J.C. sits on the National Research Council’s Committee on Creativity and Information Technology, and the Defense Advanced Research Project Agency’s study group on patterns of emergent behavior in massively multiplayer persistent worlds. In addition to teaching a graduate course, “The Anthropology of Massively Multiplayer Online Games,” at NYU, she has lectured at Carnegie Mellon University, NASA’s Jet Propulsion Lab, the University of California’s Institute for Creative Technologies, the Annenberg Center for Communications, and Yale. She is the author of two books, Surfing on the Internet (Little Brown, 1994), an ethnography of cyberspace before the Web, and Joystick Nation: How Videogames Ate Our Quarters, Won Our Hearts, and Rewired Our Minds (Little, Brown 1997). J.C. wrote 100 essays on the grammar and syntax of game design as a New York Times columnist between 1998-2000 (archived online)
I’ve been following J.C.’s work since she wrote Joystick Nation, and for those unfamiliar with her ideas I would also particularly commend the fabulous paper that she did for the 2001 Forum on the Future of Higher Education; her paper can be found online in PDF (5.0) format.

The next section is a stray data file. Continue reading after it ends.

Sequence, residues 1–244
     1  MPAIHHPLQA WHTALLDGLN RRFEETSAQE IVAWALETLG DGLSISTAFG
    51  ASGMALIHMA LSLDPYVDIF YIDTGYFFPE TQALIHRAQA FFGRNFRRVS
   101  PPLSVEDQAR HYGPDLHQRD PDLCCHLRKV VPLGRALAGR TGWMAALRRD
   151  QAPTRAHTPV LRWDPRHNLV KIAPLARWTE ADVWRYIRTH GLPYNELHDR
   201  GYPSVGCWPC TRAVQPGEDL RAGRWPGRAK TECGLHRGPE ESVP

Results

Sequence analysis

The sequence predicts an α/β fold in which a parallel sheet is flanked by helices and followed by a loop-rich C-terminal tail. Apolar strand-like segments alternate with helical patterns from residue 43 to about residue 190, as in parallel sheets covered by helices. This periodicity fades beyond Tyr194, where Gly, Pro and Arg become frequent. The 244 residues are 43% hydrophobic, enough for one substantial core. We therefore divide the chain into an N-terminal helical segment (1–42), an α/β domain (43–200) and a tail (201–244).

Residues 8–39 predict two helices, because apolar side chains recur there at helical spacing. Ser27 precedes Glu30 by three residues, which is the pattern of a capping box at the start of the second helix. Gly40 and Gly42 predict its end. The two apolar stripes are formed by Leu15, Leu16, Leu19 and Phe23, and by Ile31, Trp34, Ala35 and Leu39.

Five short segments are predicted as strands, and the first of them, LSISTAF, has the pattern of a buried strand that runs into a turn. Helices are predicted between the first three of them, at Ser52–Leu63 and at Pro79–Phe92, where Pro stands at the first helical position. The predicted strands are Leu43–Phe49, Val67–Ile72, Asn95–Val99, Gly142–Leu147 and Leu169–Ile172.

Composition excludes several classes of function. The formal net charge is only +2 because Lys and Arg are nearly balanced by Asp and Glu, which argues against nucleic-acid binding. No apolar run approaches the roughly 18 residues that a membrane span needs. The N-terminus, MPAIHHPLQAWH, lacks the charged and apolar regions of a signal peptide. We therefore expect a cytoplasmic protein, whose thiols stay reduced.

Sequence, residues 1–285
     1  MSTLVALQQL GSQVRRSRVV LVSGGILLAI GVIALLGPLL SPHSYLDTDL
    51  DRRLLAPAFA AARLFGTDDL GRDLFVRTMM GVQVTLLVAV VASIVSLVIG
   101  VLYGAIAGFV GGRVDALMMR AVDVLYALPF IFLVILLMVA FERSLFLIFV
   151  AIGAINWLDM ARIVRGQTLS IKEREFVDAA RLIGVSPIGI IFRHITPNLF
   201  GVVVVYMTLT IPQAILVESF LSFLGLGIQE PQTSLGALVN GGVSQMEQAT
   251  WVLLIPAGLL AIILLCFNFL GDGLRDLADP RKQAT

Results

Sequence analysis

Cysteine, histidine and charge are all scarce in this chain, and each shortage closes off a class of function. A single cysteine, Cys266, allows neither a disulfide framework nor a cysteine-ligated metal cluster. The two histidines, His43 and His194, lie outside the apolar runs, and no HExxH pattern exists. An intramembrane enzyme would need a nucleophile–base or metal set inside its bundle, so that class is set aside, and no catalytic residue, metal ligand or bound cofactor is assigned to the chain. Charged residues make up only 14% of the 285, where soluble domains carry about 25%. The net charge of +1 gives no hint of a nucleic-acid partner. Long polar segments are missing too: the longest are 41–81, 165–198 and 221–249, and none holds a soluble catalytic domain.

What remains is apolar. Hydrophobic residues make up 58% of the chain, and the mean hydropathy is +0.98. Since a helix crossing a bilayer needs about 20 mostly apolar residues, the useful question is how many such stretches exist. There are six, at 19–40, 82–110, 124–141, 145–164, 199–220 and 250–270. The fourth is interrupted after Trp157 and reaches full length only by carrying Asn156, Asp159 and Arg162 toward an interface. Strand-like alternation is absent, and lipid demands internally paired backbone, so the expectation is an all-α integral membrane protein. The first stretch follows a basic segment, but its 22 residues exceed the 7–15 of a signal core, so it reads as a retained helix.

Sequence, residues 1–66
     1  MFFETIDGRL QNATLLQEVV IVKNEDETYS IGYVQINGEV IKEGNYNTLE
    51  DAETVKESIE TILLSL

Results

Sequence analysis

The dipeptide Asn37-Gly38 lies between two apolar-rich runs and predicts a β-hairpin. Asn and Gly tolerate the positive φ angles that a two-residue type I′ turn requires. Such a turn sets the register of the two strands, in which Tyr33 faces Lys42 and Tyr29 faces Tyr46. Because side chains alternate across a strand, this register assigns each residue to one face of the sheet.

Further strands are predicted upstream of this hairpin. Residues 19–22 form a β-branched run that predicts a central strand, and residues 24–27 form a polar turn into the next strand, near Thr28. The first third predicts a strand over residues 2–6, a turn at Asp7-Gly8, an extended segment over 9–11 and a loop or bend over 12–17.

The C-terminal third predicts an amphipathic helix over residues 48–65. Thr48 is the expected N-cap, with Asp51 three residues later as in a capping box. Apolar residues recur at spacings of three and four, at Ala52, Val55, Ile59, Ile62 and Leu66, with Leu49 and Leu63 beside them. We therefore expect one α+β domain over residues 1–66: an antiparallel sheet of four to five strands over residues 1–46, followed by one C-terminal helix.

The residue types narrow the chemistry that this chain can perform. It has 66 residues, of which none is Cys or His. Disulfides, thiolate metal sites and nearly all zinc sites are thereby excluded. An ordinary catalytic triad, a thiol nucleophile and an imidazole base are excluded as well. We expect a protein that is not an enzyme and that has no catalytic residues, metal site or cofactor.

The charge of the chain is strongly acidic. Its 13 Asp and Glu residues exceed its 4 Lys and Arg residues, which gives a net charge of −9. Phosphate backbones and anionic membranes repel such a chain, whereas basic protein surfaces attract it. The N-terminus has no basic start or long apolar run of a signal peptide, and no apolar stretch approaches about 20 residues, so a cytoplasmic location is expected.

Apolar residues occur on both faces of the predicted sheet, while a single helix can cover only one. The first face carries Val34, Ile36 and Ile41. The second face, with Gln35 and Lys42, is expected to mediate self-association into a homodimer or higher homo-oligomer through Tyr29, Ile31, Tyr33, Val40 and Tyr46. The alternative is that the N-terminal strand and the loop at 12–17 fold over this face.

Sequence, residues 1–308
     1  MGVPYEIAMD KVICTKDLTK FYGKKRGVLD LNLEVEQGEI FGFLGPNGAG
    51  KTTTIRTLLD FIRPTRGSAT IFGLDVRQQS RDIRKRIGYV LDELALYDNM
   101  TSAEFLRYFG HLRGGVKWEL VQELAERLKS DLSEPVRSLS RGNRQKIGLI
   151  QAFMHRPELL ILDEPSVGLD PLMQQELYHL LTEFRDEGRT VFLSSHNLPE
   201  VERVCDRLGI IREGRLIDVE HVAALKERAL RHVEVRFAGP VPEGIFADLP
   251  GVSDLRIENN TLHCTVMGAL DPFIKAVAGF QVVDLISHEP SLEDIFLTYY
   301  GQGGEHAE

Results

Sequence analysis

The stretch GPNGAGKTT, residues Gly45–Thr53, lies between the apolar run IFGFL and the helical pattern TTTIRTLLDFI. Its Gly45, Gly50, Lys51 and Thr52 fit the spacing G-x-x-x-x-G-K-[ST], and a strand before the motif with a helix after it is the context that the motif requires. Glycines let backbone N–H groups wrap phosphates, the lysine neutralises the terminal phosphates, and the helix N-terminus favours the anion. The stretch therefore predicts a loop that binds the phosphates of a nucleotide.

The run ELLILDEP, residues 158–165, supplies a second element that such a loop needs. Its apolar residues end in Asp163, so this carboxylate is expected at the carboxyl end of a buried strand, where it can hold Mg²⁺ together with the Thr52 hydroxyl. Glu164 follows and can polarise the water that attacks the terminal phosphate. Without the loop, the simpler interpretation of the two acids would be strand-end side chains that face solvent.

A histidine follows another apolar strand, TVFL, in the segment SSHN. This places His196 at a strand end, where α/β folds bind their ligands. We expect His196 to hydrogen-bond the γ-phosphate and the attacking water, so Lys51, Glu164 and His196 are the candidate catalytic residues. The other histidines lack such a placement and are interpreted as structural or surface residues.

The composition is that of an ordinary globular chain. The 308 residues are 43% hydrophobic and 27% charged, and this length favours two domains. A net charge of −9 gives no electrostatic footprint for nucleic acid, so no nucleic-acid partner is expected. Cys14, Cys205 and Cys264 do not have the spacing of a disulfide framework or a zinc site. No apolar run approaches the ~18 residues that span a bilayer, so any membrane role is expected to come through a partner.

The Closing Plenary Session
Tim Lance is the CEO of NYSERNet; he is also a professor of mathematics at University at Albany, State University of New York, and is someone who has been thinking about the networked information revolution in all its richness—from how we build and operate the physical networks that make it all possible to how these networks change scholarly communication—for a long time. Although many people haven’t yet realized it, the fundamental nature of high-performance networks is changing as networking technologies become more optical. Tim has been exploring how the economics of networking for the research and higher education community may be shifting given both technology changes and the post-telecomm-bubble business environment, and has developed some of his thinking in a paper for the EDUCAUSE Net@EDU group. In his closing plenary Tim will explain why we may be at a point of unprecedented opportunity in advanced networking, what the stakes are, and the implications for higher education. This should be a compelling and important synthesis of technical, economic and policy developments.
Highlighted Breakout Sessions
I cannot cover all of the many breakout sessions here. However, I want to note particularly some sessions that have strong connections to the Coalition’s 2002-2003 Program Plan, and also a few other sessions of special interest. We have a packed agenda of breakout sessions, and as always will try to put material from these sessions on our Web site following the meeting.